NFL 2011

The Perils and Pleasures of Life As a 220-Pound Tight End
The stadium scene.
Nov. 16 2011 4:01 PM

NFL 2011

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The perils and pleasures of life as a 220-pound tight end.

Nate Jackson
Nate Jackson celebrates scoring a touchdown against the Jacksonville Jaguars in 2007.

Photograph by Allen Kee/Getty Images.

Barry, you’re right about Aaron Rodgers. It’s astonishing to watch him play the position. Aside from his physical skills, which are manifold, his mind seems to be dialed in to the moment so completely that it appears he’s observing it all from a distance. The look on his face in slow-motion replays is frightfully Zen. Television doesn’t show the chaos and speed of an NFL game, and it also doesn’t take into account the players’ eye-level vantage point. Things are not so clear at eye level. There are jumbles of bodies flying around at different depths, and to be able to see them, to actually see everything, takes a heightened awareness that is uncoachable. It also doesn't hurt when you have a group of offensive weapons as potent as the ones the Packers have.

And I may have a healthy bias here, but I agree with Chris that the hybrid tight end can be one of the most effective weapons on the field. You see, I was a bit of a hybrid player myself. I was a wide receiver in college and during my first two years in the NFL. All I ever wanted to do was catch passes. Then after the 2004 season, the head coach of the Broncos, Mike Shanahan, called and asked how I felt about a switch to tight end. He said he thought it would be great for me. It would get me more involved in the offense. I would catch more balls. I would catch more balls?! Yes, of course I’ll do it.

Mike Shanahan has always valued a pass-catching tight end who can stretch the defense, work the middle of the field—including the ever-vulnerable seams—and beat the generally inferior coverage skills of linebackers and safeties. He broke the mold with Shannon Sharpe. Shannon played at about 225 or 230, hardly the beefy frame we expect for a tight end. But it worked. He became a good enough blocker to get by, and on passing downs, he was awesome.

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My tight-end pass-catching career did not pan out like I’d hoped. After four seasons of it, I’d tacked on 19 more catches to the eight balls I caught as a wide receiver in 2004, bringing my career total to 27. But I learned a lot more about the game. Tight ends, after quarterbacks, need to have the deepest knowledge of how the offense operates. Receivers have only a cursory knowledge of the run game, and running backs have only a cursory knowledge of the passing game. Tight ends need to know everything, including pass protections. That new attention to detail changed how I viewed the sport.

Mostly, it became much more violent. It turned into hand-to-hand combat on a daily basis with men who were much bigger and stronger than me. I played tight end at 235 pounds on a good day. As the season wore on, it was difficult for me to keep that weight on and I’d dip under 230. One season I was getting dangerously close to 220 pounds, and that doesn’t fly with the coaches. We had weigh-ins every week, so on the mornings I had to hit the scale I would walk to my locker, put on my sweats, then walk into the training room and grab two five-pound ankle weights to strap on under my sweats. Nobody ever caught on. 232.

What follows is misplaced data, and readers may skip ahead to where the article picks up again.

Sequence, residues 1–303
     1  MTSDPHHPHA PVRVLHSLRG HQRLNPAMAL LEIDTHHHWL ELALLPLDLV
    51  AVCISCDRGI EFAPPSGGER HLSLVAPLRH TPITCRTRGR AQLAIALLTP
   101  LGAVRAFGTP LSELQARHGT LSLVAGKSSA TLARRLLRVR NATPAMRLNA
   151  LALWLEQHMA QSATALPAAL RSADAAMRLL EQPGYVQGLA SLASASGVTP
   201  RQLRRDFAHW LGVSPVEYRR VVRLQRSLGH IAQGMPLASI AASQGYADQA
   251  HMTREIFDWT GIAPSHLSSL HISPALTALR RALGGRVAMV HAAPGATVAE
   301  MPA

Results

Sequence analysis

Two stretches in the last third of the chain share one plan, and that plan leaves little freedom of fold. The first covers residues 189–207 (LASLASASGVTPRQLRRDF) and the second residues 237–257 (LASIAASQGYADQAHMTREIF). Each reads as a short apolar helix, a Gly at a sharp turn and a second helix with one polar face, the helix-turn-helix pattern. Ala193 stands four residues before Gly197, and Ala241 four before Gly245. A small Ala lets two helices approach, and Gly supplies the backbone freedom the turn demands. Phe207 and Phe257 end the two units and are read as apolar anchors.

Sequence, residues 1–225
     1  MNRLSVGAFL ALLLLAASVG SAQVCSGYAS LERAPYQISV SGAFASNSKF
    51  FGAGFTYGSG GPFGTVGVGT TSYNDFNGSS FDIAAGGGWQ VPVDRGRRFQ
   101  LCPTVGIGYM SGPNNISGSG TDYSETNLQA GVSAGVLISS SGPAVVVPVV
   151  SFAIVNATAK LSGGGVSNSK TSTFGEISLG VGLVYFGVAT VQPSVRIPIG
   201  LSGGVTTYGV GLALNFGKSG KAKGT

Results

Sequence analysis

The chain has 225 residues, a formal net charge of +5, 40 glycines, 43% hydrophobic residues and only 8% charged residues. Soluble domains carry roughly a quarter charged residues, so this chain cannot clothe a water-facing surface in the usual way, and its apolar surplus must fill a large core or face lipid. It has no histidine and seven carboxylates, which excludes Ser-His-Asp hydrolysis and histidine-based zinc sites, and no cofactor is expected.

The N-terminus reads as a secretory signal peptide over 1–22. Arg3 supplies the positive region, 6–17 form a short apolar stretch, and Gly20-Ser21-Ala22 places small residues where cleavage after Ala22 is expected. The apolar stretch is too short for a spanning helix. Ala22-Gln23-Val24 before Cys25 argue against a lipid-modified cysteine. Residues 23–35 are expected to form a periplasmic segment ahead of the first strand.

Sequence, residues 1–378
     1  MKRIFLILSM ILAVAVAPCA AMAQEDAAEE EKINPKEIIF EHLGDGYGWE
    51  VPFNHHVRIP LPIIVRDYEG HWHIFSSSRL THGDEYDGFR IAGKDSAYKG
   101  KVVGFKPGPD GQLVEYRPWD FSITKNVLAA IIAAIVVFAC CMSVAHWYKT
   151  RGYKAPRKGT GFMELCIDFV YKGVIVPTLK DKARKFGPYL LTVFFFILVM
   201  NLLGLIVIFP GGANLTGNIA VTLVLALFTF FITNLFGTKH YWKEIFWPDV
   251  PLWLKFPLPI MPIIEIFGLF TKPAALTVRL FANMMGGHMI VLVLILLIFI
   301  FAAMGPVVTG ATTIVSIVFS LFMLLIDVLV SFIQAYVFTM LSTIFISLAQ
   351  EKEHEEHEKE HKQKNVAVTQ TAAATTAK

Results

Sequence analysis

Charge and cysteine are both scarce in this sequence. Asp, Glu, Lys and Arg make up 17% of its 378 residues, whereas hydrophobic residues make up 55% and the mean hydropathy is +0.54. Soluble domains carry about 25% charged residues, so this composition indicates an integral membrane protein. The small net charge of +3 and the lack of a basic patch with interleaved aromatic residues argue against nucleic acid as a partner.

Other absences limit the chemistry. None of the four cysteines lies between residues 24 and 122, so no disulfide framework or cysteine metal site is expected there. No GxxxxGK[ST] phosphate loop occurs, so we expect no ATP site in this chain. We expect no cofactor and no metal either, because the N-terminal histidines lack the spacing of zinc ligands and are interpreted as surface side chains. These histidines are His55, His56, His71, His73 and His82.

As fans, we see only the end result: the game. But practice is the proving ground, and I was getting my ass kicked. I had a daily “Oh, shit” moment as I walked out on the field, because I knew that I was about to feel a whole lot of pain. Run blocking is about technique, and I had none. I was shooting myself head-first into defensive lineman like a spear and hoping to stalemate them long enough to call it a win. (If your guy doesn’t make the tackle or disrupt the play, it’s a win.)

The agony of those “Oh, shit” run-blocking moments was lessened by the ease with which I got open on pass routes. Playing tight end with wide-receiver skills is almost unfair. I had to learn a variety of line-of-scrimmage release techniques, but once that area was cleared, it was lovely. In zone coverage, it’s pretty easy to get open if you understand what coverage they’re in. And beating man coverage against a linebacker or a safety, having cut one’s route-running teeth on cornerbacks, is much easier.

And that’s what we’re seeing these days with tight ends like Rob Gronkowski. They have wide-receiver skills and the size to exploit any defense they come up against. It isn’t an accident that there are more tight ends with at least two touchdown catches than there are teams in the NFL. Everyone is throwing to them, and some teams are throwing to two of them! It’s great to watch. Two tight-end formations are very common because, for the reasons Chris laid out, they are so hard to defend. If you stay in your base defense, your two athletic tight ends will have an easy time getting open. If you try to get cute and put a nickel defender on one or both of the tight ends, you’ll get gashed open in the running game.

And that’s why tight ends who can run great routes and block are so valuable. They are also pretty rare. The two are diametrically opposed. One takes patience and finesse. The other takes grit and balls. And it’s hard to run crisp routes with huge balls.

Nate Jackson is the author of Slow Getting Up: A Story of NFL Survival from the Bottom of the Pile. He played in the NFL for six seasons.

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